If you spot sprayed round one, then I would continue the trend and spot again, unless for some reason weed pressures have increased since then.

Personally, I blanket spray everyone for round one with a good Ester based herbicide, and minor spot spraying is all I need for the rest of the year usually.


Not to be a pud but if your state has integrated I.P.M. strategies for commercial applicators then blanket spraying everyone is in violation of those strategies and not cool with the environment especially using strong esters.

Do your lawns that you treated all last year really need a blanket application of esters each spring?

My returning customers may show a few weeds on edges or something but certainly don't need a blanket application.

Especially with esters.

I also don't use pre emergent on all round 1 customers. Maybe only 30% get it because most are not crabgrass or weed prone.

indyturf
04-14-2010, 08:20 PM
I usually go 6 weeks between apps, but in the spring picking up new customers I will go as soon as 4 weeks to get them on the same schedule as the other customers in the area. and usually new accounts need a second app sooner than established accounts to get them looking good!

SeedPro
04-14-2010, 08:21 PM
I usually go 6 weeks between apps, but in the spring picking up new customers I will go as soon as 4 weeks to get them on the same schedule as the other customers in the area. and usually new accounts need a second app sooner than established accounts to get them looking good!

Right on...

LushGreenLawn
04-14-2010, 10:05 PM
Not to be a pud but if your state has integrated I.P.M. strategies for commercial applicators then blanket spraying everyone is in violation of those strategies and not cool with the environment especially using strong esters.

Do your lawns that you treated all last year really need a blanket application of esters each spring?

My returning customers may show a few weeds on edges or something but certainly don't need a blanket application.

Especially with esters.

I also don't use pre emergent on all round 1 customers. Maybe only 30% get it because most are not crabgrass or weed prone.

Actually, as discussed with my Department of Ag rep, it is within Ipm guidelines. There are many weeds that will start in lawns in the spring that will be too small to see, and missed with spot spraying. By blanket spraying everyone one time in the spring, when the highest percentage of weed seeds are germinating, I get all the actively growing weeds, showing or not. This means less spraying later in the season, and happier customers.

Considering that I spray within the guidelines of the label on my products, and only under ideal conditions, my ester product is broken down in the soil long before it poses any kind of problem. BTW, except for the fact that it can volatilize in higher temperatures, how is it any more hazardous than an amine product?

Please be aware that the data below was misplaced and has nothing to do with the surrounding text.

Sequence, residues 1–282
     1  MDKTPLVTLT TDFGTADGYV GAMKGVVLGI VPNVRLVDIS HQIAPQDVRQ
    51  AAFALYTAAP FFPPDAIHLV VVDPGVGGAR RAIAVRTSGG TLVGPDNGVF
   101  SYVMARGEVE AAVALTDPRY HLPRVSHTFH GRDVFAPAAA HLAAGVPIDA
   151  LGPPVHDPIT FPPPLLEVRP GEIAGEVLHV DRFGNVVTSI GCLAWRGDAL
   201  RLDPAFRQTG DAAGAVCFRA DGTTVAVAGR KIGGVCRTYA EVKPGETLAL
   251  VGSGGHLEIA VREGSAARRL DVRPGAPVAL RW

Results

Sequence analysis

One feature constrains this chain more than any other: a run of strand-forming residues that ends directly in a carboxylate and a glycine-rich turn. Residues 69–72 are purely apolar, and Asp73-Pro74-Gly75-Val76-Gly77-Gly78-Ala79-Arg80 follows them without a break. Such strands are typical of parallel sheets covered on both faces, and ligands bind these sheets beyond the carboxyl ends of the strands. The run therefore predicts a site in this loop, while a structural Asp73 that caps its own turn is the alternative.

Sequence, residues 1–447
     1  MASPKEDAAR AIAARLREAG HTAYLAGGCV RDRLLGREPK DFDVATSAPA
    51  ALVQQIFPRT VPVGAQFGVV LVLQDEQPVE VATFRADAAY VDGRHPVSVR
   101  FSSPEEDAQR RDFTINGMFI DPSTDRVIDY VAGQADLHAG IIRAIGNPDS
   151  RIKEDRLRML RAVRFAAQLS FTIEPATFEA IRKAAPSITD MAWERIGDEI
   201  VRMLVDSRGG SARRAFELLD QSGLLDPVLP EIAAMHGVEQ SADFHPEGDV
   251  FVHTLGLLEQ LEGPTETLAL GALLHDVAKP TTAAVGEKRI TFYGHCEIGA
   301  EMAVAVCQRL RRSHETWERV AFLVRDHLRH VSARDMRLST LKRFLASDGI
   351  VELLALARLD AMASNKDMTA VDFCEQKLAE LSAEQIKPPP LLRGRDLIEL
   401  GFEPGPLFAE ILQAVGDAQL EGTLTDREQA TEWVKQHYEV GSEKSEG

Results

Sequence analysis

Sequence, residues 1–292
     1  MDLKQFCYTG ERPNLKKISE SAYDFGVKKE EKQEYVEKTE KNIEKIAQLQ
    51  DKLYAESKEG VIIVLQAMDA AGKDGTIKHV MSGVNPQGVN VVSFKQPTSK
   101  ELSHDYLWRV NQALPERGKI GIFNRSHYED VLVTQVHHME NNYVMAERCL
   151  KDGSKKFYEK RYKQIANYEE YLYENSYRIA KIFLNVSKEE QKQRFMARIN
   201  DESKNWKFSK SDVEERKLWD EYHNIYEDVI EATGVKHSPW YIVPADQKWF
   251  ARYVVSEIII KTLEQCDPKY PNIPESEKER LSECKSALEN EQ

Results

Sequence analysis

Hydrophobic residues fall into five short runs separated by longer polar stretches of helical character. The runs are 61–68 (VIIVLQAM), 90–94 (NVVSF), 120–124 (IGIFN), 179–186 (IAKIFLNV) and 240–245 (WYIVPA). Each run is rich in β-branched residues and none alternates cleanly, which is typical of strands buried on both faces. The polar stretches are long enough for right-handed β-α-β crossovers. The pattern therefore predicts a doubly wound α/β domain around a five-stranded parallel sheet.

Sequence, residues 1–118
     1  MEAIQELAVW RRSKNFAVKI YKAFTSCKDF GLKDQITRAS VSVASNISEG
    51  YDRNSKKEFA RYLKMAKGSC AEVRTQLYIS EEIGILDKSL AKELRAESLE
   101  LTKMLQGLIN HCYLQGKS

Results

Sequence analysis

SeedPro
04-14-2010, 10:08 PM
Actually, as discussed with my Department of Ag rep, it is within Ipm guidelines. There are many weeds that will start in lawns in the spring that will be too small to see, and missed with spot spraying. By blanket spraying everyone one time in the spring, when the highest percentage of weed seeds are germinating, I get all the actively growing weeds, showing or not. This means less spraying later in the season, and happier customers.

Considering that I spray within the guidelines of the label on my products, and only under ideal conditions, my ester product is broken down in the soil long before it poses any kind of problem. BTW, except for the fact that it can volatilize in higher temperatures, how is it any more hazardous than an amine product?

You answered your own question.

I don't know. Maybe it's your area but most of my returning clients only have a weed here and there in spring and summer. I rarely blanket app lawns unless it's a new sale that's never had service or had poor service in the previous year.

LushGreenLawn
04-14-2010, 10:44 PM
You answered your own question.

I don't know. Maybe it's your area but most of my returning clients only have a weed here and there in spring and summer. I rarely blanket app lawns unless it's a new sale that's never had service or had poor service in the previous year.

I do have a select few customers that I don't blanket spray, because I rarely have problems. There are alot of people in my area that don't take care of their lawns, even in high end neighborhoods. Chickweed seems to germinate in even the thickest, highest mowed lawns. It gives us problems every year. By blanket spraying, it knocks it out before it gets a chance to take over. With the nicer lawns, it will be small enough that you can't see it below the 4" turf, but its there. Luckily, it seems easy enough to kill, but it you can't see where it is, and you try to spot spray, everything you miss will start taking over, causing a service call 2 weeks after you were there, and then you have to go back and spray more chemicals.

I use the ester for my R1, and amines for my spot spraying the rest of the year. With the ester, even the small amount that gets in the weeds growing below the turf is usually enough to kill it, even the ground ivys and other hard to control weeds. My R1 is over well before temperatures get high enough to volatilize the ester emulsion.

Every area is different, I am sure what you are doing works well and your customers are happy. This is what it seems to take to keep my customers happy, and my ag department seems to be happy with my program. I consulted then when designing it, both for the fert and the weed control.

Best of luck this season to you!